Top Ten Dining Etiquette Tips to Slow Your Devolution into a Caveman
Humans seem to have lost their manners as we have journeyed from the '90s grunge era through the reality TV of the '00s to the present. I understand that you probably learned table manners from that one part of Point of No Return when Anne Bancroft schools Bridget Fonda on the finer points of gentility. So, here are a few pointers to follow to help slow our civilization's decline into Idiocracy.
10. Take a deep breath and sample the fare before asking for Tabasco, salt or ketchup. We understand that Grammy Sue may have lost her touch on seasoning her grits, but then again, she's probably on some taste-free diet. Do her the courtesy of tasting the food before you doctor it up. If you feel the need to pollute your steak with A1 or some other high-grade ketchup, then you should probably discretely feed it to the dog.
9. The utensils are used from the outside in. Salad forks are on the outer edge followed by the dinner fork; the knives work the same way. There are a few exceptions, like the dessert fork being above the plate and the soup spoon being occasionally offered with your tureen of gumbo, but outside in will work 80 percent of the time.
8. Take all you want, but eat all you take. No explanation required. Being wasteful is shameful. And, doggy bags are only kosher at informal dinners.7. When seated in large groups, it's okay to dine when those in your immediate seating area (to your left, right and across) have been served.
The official rule is that you may start chowing down on hot food once it is served. However, you're not a recently freed hostage. Pause until those close around have been served.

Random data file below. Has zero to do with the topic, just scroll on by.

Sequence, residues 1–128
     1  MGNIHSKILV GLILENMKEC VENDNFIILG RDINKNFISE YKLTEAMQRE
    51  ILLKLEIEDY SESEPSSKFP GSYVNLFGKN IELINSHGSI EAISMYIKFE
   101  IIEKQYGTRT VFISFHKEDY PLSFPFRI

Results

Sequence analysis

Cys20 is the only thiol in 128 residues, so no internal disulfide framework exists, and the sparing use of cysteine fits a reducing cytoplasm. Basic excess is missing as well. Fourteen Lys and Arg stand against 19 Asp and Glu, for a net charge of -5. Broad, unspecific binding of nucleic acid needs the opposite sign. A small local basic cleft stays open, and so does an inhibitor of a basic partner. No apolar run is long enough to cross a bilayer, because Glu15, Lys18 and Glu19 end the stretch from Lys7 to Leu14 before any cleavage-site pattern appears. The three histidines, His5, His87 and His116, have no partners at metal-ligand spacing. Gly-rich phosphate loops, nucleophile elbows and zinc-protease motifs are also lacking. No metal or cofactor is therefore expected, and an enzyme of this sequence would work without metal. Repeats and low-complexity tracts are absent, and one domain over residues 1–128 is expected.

6. Don't blow your nose at the table. No one is attractive when honking their horn. Plus, you don't want to leave a hanger for the rest of the table to appreciate. Be a lady or gent and go to the restroom.
5. Utensils are not drumsticks -- not even for your kids. Kudos to you for having the cashish to treat your toddlers to sushi. You should save your money to fix your broken nose. Because if your midget uses those chopsticks to make beats at the table, I will punch you in the face and take his rainbow roll.
4. Do not slurp anything. People typically slurp because they're trying to piss off someone (see The Blues Brothers restaurant scene) or the food is hot. Fail. Slurp not, Padawan. Do not blow on it. Stir your food and wait for it to cool.
3. Your drink is on the right and your bread is on the left. Daunting is the moment that you roll into Jim Bob's wedding reception and see full place settings for each diner. You're crammed into tight quarters with a table leg in your crotchular region. Don't make things worse by drinking out of the wrong glass. An easy mnemonic is to make the "OK" sign with both hands by touching your index finger to your thumb. Your left hand will resemble a "b" and the right a "d." You're welcome.
2. Butter the plate, not your bread. Few things are more annoying than crumbs all up in the butter. I want to paint my canvas of toast with a pristine coating of butter. Serve yourself butter by lopping off a hunk of butter with the butter knife and putting it on the edge of your butter plate. Pass the butter to the right (unless the uncultured clowns at your table are already passing the wrong direction) before buttering your bread from your mini-cache of spread on your china.
1. Chew with your mouth closed already! Movie characters and sick people typically smack. The former because the actors are trying to sell you that they're actually dining and not thinking of their next line. The latter because they're trying to breathe and chew at the same time. The dining table isn't a library, but the bulk of the sounds should be from conversation, dining and serving. I'd rather eat with the cows than with a table full of smackers. Cows have no excuse. Now you don't either.
You may have noticed that cell phone usage wasn't mentioned. It should go without saying that texting at the table may be technologically advanced but is entirely unrefined. Leave your phone off unless you are an on-call physician or the National Security Advisor.
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